The U.S. government has repeatedly invested in technology development but has deliberately avoided funding commercialization efforts. The U.S. aversion to policies supporting commercialization is a stark contrast to those of other countries. The EU, for example, through IMEC, Germany's Fraunhofer Institute, and other institutions, supports applied research and product development. This has helped companies such as ASML navigate the treacherous waters of commercialization. Japan, Korea, Taiwan, China, and others also have government-funded applied technology programs.
As the world of electronics moves into the realm of nanoscale electronics, or nanotronics, the United States has focused on proof-of-concept technology R&D programs at DARPA, including some novel but unproven nanoscale production approaches, such as nanoimprint, dip-pen, and electron beam lithography. Yet today there is no concerted, focused national R&D program addressing the nanotronic manufacturing infrastructure. Corporate consortia and regional centers, such as the Albany Nanotech Complex in New York and the associated IBM-led Semiconductor Research Alliance, have sprung up without federal funding. However, such efforts are corporation-dominated and international in focus. They do not aim at a national agenda of technology leadership.
Without a parallel effort focused on developing the high-volume manufacturing technology and infrastructure necessary to make actual products, the United States will probably not reap the rewards of its investments. U.S.-based companies that develop the technology will have to go elsewhere to manufacture. The Presidents Council of Advisors on Science and Technology 2010 report on the National Nanotech -nology Initiative emphasized the need to put greater emphasis on manufacturing and commercialization in a na-noelectronics research initiative, stating that "over the next five years, the federal government should double the funding devoted to nanomanufacturing."
The United States has a long history of funding the underlying technology and manufacturing capability in areas where national security is the primary application. The situation becomes less clear in dual-use situations, in which the technology has both commercial and defense importance. IC technology is clearly dual-use, given its pervasiveness in commercial products and its criticality in most aspects of military strategic and tactical operations.
The question is, given the national security implications of IC technology, should there be a concerted U.S. policy to address nanotronics manufacturing? If the health of the U.S. semiconductor manufacturing industry was so important for national security 25 years ago that it was the rationale for creating SEMATECH, should the United States be doing something similar today? If not, what has changed? If it undertakes such an activity, should it structure it in a way that gives the federal government an active role and voice?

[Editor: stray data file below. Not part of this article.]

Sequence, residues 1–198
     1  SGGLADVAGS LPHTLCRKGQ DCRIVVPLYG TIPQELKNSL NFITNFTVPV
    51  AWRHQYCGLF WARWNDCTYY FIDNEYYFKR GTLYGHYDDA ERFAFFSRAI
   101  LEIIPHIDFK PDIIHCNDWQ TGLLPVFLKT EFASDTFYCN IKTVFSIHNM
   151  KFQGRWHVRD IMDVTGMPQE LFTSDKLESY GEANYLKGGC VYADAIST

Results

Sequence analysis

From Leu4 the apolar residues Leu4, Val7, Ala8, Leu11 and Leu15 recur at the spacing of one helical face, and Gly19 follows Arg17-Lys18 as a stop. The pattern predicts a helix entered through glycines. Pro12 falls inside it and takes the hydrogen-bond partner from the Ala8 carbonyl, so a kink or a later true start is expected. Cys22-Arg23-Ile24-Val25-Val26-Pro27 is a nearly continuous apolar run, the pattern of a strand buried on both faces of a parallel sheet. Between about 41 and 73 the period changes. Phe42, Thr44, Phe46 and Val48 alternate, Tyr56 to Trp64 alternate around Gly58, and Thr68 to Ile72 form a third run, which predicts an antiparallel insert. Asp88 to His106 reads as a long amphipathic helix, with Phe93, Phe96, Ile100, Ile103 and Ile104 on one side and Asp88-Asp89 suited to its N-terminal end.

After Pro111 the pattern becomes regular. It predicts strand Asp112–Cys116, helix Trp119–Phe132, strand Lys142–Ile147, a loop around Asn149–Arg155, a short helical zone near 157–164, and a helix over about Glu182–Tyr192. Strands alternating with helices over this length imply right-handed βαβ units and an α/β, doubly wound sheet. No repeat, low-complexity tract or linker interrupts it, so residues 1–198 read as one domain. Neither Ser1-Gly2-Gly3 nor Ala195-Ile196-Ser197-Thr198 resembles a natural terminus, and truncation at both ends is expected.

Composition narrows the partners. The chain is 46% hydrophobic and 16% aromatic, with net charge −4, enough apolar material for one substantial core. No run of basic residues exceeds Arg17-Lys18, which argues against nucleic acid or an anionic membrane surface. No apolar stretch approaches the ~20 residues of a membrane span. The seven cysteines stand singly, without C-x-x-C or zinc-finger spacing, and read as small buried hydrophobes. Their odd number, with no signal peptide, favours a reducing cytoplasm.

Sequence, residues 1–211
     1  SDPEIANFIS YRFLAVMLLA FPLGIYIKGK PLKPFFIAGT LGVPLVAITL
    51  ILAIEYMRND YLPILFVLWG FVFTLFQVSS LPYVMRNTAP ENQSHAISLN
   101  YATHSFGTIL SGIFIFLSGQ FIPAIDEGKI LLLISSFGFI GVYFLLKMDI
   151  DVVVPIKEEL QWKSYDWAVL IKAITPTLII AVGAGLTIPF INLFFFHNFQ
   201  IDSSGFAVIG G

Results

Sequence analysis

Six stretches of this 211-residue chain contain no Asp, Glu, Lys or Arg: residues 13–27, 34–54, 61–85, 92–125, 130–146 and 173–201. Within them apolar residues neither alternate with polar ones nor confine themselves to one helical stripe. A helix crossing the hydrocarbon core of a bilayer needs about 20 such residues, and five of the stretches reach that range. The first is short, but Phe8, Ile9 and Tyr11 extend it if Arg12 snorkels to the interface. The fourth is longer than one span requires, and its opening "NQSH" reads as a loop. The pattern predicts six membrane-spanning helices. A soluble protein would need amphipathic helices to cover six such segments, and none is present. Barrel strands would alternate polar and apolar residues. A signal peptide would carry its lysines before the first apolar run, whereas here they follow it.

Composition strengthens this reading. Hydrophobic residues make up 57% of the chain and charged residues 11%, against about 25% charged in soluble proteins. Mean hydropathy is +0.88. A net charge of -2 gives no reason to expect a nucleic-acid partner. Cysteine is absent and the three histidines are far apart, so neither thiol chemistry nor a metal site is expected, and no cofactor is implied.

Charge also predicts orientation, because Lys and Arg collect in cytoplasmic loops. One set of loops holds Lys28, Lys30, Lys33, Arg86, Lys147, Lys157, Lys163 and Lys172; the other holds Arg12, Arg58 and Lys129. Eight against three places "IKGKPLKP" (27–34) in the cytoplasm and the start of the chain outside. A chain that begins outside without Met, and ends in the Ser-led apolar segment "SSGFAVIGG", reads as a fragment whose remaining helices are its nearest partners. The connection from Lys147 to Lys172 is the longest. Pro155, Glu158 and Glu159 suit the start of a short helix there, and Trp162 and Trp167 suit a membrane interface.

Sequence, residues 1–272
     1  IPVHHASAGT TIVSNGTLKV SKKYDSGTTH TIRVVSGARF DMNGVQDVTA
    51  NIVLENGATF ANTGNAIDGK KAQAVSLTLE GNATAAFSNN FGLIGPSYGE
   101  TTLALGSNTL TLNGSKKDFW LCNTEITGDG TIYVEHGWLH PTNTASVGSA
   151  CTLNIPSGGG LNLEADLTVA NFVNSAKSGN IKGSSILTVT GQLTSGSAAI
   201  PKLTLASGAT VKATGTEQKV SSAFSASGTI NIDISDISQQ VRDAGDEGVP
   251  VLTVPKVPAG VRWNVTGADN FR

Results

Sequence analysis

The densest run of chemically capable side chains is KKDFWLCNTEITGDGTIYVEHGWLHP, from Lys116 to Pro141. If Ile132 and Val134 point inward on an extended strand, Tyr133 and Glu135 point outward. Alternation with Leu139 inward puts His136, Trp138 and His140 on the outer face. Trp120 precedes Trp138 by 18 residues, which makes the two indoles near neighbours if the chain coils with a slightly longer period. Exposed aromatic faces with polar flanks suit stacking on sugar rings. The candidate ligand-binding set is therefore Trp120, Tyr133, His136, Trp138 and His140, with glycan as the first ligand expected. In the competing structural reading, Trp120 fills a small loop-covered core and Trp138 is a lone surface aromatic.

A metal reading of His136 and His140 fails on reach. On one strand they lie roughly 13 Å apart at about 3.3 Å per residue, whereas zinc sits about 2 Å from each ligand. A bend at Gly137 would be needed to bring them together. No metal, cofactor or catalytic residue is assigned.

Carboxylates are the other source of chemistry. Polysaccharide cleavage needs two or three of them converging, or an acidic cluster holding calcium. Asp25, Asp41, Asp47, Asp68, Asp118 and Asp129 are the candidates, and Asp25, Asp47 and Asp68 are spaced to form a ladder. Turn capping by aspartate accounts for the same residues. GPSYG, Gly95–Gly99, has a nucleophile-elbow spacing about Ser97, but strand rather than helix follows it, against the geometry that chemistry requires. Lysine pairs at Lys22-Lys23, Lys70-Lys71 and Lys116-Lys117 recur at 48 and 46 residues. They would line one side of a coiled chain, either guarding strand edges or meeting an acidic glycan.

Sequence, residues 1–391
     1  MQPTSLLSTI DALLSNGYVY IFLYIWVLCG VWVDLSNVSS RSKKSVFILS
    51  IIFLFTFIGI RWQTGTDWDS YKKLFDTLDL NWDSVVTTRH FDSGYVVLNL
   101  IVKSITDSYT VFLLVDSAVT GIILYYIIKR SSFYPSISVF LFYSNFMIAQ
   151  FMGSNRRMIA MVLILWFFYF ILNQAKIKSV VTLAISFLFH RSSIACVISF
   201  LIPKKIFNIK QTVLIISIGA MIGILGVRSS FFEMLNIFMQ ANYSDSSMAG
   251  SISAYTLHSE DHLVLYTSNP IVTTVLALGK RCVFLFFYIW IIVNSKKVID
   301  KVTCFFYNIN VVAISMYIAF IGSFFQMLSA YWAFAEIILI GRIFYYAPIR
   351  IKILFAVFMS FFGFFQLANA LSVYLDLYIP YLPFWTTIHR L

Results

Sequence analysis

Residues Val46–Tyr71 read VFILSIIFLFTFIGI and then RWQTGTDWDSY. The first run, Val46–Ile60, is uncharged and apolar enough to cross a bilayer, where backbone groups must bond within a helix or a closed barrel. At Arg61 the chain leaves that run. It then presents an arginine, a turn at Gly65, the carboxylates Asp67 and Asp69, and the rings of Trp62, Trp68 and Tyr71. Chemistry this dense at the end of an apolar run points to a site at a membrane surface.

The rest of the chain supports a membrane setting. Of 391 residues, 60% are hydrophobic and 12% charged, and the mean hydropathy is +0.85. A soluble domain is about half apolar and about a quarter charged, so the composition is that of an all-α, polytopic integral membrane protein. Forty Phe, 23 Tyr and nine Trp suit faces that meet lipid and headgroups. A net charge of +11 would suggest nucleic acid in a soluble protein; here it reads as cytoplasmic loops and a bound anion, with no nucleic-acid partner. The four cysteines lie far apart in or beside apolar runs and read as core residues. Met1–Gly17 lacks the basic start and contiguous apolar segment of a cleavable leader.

The DOD has a strong interest in sustaining U.S. leader-ship in emerging technologies that will provide needed military capabilities. But the United States also needs to foster these technologies to maintain the health of an industry that has become a key component of a modern economy.
Who would fund this effort? Is this a job for the DOD, as it was in the past? It is certainly in the DOD's interest to see key technologies mature and for the United States to be a leader in manufacturing. On the other hand, does this warrant a broader research funding agenda to include the Departments of Commerce and Energy? We contend that this is a much broader and more profound issue for national security, encompassing economic, energy, and even environmental security Without the robust development of nan-otronic-based industries, the United States faces the prospect of losing its leading position in the broader information technology sector, with cascading effects on other industries that depend on this technology to continue boosting their productivity.
Our concern is that there is inadequate focus on and discussion of these issues. The United States still has some tremendous advantages, including companies that are leaders in the most advanced IC technologies and their production, some robust tool and equipment firms, and a strong government-funded R&D system. However, other countries see the opportunity to claim the field and are funding national-level R&D programs in manufacturing at the nanoscale. Furthermore, the economic, geopolitical, and security landscape has changed fundamentally since 1985, which adds complexities to assessing the situation and determining potential approaches to address it. Given these dynamics, we conclude that it is time for concerted discussion to determine whether nanotronics manufacturing is an urgent national and economic security issue, and if so, what should be done about it.
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Richard Van Atta (email@example.com) is an adjunct research staff member in the Strategy, Forces and Resources Division of the Institute for Defense Analyses and adjunct professor in the Security Studies Program of Georgetown University. Marko M. G. Slusarczuk (firstname.lastname@example.org) is an adjunct research staff member in the Information Technology and Systems Division of the Institute for Defense Analyses.s